Firstly, the people aspect becomes an increasingly important component to understand within alternative assets, even more so than under the traditional space. The traditional space has the benefit of repeatable structured processes that can survive the departure of key individuals. In the private equity space the process is very dependent on the individuals involved at the start of the investment, and whether they remain through exit as these investments are entered into based on the skills of these individuals and their ability to unlock value.

Secondly, managing conflicts of interest and understanding key-man clauses are other aspects that need to be considered more carefully given the compensation structures of these funds and the importance of the individuals within the team as highlighted above. Incentivisation becomes another focal point within the alternatives space in ensuring adequate alignment of interests of the team.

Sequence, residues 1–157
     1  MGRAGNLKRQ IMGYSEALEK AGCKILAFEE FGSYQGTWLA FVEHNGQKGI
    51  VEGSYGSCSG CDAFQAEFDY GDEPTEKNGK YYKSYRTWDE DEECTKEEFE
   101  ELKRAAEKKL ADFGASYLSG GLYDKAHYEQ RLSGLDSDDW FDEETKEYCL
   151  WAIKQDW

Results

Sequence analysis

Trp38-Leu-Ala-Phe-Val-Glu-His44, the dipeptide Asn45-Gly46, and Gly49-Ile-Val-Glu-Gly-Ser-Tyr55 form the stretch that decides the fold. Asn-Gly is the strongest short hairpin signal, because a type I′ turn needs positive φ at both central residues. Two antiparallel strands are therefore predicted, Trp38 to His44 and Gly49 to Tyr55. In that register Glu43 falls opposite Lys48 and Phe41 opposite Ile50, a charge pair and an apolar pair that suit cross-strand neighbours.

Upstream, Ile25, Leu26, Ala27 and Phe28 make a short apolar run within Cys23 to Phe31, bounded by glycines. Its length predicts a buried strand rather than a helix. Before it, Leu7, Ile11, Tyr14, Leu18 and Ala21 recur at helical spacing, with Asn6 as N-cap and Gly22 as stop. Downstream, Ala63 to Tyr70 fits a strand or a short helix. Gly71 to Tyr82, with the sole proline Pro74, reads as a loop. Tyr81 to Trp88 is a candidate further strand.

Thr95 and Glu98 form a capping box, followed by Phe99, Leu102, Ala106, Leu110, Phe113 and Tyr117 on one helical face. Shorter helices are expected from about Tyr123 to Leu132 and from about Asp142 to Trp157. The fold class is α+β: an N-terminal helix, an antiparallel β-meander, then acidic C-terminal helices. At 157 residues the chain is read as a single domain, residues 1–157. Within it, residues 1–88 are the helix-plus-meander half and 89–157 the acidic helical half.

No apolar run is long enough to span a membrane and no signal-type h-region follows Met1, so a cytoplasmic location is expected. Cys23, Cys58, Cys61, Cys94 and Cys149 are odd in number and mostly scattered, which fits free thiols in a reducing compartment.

Lastly, in the traditional space a manager’s performance profile provides clarity around the manager’s ability to adequately translate the philosophy and process into an alpha profile with a reasonable degree of consistency. Yet within the alternatives space, this becomes less frequently available and reliance needs to be placed on independent valuation experts to assess the return generated. This occurs less frequently and is also subject to a range of assumptions which makes the assessment more difficult. I will elaborate on all of the above throughout the article.

Understanding the people behind the deal pipeline